The Eden Project
The largest greenhouse in the world is home to over one million types of plants.
As the millennium approached, the sleepy former mining town of St. Blazey needed a futuristic update. For 50 years, a clay mine on the edge of the English town had slowly been abandoned, until in the late 1990s when a new concept was proposed for the area called Project Eden.
A near-polar opposite to the crater left by the old mine, the Eden Project was designed as a massive greenhouse complex, consisting of two biomes bubbling off of the ground and reflecting both a tropical and Mediterranean climate.
After the deep depression left from the mine was filled in with thousands of tons of soil, construction began and the two largest greenhouses in the world were created over two and a half years. Inside the hexagonally-patterned biomes are over one million different plant species, each one reflecting the climates of their respective biomes. The Garden of Eden, according to the Bible, contained “every plant that is pleasant to the eye and good for food.”
The tropical biome features rubber plants, bananas, and bamboo stalks towering above visitors in the nearly four-acre dome. The Mediterranean biome is only 1.6 acres, but is similarly filled to capacity with olive plants and grapevines.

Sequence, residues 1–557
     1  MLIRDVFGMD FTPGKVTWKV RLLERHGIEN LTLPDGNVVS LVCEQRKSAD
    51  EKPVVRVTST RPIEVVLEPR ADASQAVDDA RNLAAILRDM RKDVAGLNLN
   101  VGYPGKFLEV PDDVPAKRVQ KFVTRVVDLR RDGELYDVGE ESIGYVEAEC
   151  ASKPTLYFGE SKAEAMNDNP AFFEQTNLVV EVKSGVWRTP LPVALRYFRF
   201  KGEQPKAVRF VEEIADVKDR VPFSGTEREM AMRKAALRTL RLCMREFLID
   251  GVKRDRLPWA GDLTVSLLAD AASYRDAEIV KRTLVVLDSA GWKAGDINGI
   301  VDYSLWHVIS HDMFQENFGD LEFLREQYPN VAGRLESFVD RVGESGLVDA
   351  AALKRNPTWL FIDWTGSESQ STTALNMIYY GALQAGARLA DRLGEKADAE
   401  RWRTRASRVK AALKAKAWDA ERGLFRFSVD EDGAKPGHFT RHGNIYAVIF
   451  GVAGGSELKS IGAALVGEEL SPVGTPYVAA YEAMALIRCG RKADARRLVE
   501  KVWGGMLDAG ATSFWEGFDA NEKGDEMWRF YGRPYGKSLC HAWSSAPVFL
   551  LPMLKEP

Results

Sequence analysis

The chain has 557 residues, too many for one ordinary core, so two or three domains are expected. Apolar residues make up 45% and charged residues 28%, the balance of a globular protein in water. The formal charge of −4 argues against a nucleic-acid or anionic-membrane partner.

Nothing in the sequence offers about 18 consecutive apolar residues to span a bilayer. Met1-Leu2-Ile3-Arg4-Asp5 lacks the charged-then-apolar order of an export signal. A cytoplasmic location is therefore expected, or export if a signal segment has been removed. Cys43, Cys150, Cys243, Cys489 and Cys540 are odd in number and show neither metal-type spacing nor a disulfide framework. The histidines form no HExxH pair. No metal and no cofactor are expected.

Along with stunning flora, cascading waterfalls, and footpaths wind past massive boulders and ponds and even a few statues can be found carefully placed around the Mediterranean biome. Although the greenhouses are the central attraction of the complex, the grounds of the Eden Project are also covered in temperate plants that can grow in an uncovered atmosphere.
Other than the floral attractions of Eden, an educational facility was constructed in 2005 called the Core, where the staff of the complex teaches environmental sustainability and works to improve human’s relationship with nature. The Med Kitchen Restaurant serves Mediterranean offerings on weekends starting midday.
A number of animal species can also be seen amongst the foliage of the tropical glasshouses (some harder to see than others) such as the colorful and wacky hairstyled roul-roul partridges native to South-East Asia, gecko and anole lizards, and treefrogs.
Visitors who want a truly fantastic experience should stay until night when the biomes emanate a futuristic and colorful glow.
Know Before You Go
The Eden Project is accessible by car, bus, and train from the Cornish town of St. Austell.
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